Where you come from isn’t who you are.
Ten-year-old Pearl Spence is a daydreamer, playing make-believe to escape life in Oklahoma’s Dust Bowl in 1935. The Spences have their share of misfortune, but as the sheriff’s family, they’ve got more than most in this dry, desolate place. They’re who the town turns to when there’s a crisis or a need―and during these desperate times, there are plenty of both, even if half the town stands empty as people have packed up and moved on.
Pearl is proud of her loving, strong family, though she often wearies of tracking down her mentally impaired older sister or wrestling with her grandmother’s unshakable belief in a God who Pearl just isn’t sure she likes.
Then a mysterious man bent on revenge tramps into her town of Red River. Eddie is dangerous and he seems fixated on Pearl. When he reveals why he’s really there and shares a shocking secret involving the whole town, dust won’t be the only thing darkening Pearl’s world.
Susie Finkbeiner is a novelist from West Michigan. She is the author of A Cup of Dust (Kregel, 2015), Paint Chips (WhiteFire Publishing, 2013) and My Mother’s Chamomile (WhiteFire Publishing 2014).
She is currently working on her fourth novel.
Susie is a wife, mother of three, and avid reader. She enjoys time with her family, coffee dates with her good friends, and quiet moments to read and write.
Susie Finkbeiner has been a long time student of the Depression-era history of the Dust Bowl, an ecological and economic disaster that decimated the Great Plains. Her passion for the subject is manifested in her poignant novel, A Cup of Dust. This literary gem is a highly recommended read!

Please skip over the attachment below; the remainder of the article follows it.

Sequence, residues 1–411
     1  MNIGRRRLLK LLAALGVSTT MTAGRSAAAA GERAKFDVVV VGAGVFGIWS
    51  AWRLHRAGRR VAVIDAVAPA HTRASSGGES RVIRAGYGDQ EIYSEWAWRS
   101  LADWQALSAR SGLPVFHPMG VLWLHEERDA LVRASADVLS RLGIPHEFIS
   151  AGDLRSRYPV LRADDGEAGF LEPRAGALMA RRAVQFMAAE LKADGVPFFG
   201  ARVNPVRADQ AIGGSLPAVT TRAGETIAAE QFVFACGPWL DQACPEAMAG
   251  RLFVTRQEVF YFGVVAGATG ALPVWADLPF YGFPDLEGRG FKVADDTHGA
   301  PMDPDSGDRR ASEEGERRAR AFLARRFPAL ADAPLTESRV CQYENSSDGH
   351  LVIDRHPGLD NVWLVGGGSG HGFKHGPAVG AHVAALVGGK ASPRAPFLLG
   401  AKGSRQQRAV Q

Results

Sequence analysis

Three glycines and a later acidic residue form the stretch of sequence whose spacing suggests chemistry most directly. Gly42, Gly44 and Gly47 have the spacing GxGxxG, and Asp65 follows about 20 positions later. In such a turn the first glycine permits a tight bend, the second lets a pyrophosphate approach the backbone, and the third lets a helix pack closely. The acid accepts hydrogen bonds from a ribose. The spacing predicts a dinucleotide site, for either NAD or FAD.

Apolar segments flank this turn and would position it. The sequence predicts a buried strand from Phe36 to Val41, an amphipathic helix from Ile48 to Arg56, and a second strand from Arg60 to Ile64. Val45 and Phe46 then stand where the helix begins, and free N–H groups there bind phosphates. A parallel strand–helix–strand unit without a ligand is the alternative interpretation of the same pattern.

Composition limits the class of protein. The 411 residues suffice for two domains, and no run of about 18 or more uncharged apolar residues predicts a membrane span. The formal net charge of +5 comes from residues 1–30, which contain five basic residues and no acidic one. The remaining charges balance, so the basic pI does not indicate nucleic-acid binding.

The year is 1934 and the setting is Red River, Oklahoma, a panhandle town that is slowly fading off the map. Ten year old Pearl Spence tells the story of her family and town as they struggle to survive amidst despair and the ever present dust. But Pearl soon realizes there is much more going on in the town and her family than she knows, and the truth that hides beneath the surface will change her life forever.
Finkbeiner wrote A Cup of Dust after years of study and research. What began as an interest in her teens, has resulted in a beautifully told story. This well-researched novel made me feel like I was in the midst of the story — I could almost feel the grit on my skin and see the tan destruction of the dust that covers the town of Red River. All senses are engaged while reading this book. The history depicted in the book is compelling and caused me to head to the computer over and over again. Well-drawn characters touch the heart and, for a time, become part of the reader’s life. I was completely pulled into Pearl’s story, feeling the anxiety of a world so different from her daydreams and fairy tale stories. Pearl is a little girl with the little girl desires of a store-bought dress and a candy treat. Yet she is forced into a confusing adult world in spite of her parent’s efforts to shield her from hurt and danger. Other characters are equally compelling, and I am hoping that Finkbeiner will revisit Red River soon. Pearl’s understanding of faith comes from her Meemaw’s love and reliance on God’s grace, the preacher’s continuous message of God’s wrath and judgment and her father’s quiet faithfulness — Daddy’s was a simple faith. He lived it with easy words and the sweat of his brow. I believed God loved that well enough.
If you are looking for a compelling story with a message of hope in the midst of a dark time and characters that will live on in your imagination, then you need to get A Cup of Dust.
Audience: older teens and adults.
To purchase this book, click HERE.
(Thanks to Kregel for a review copy. All opinions expressed are mine alone.)